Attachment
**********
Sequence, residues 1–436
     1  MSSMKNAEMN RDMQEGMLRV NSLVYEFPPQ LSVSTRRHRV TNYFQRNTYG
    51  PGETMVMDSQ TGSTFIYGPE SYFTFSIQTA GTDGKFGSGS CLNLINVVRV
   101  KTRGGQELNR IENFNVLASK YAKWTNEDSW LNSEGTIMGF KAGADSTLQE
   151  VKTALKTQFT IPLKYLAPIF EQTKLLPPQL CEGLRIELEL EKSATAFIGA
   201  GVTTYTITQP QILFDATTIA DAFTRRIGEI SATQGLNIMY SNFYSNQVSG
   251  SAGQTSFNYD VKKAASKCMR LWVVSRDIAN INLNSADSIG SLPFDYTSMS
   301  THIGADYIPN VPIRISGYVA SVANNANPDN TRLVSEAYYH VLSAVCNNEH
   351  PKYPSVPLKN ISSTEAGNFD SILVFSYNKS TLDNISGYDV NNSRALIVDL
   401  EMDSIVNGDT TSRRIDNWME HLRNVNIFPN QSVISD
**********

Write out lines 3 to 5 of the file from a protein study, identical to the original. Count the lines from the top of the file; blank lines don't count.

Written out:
    51  PGETMVMDSQ TGSTFIYGPE SYFTFSIQTA GTDGKFGSGS CLNLINVVRV
   101  KTRGGQELNR IENFNVLASK YAKWTNEDSW LNSEGTIMGF KAGADSTLQE
   151  VKTALKTQFT IPLKYLAPIF EQTKLLPPQL CEGLRIELEL EKSATAFIGA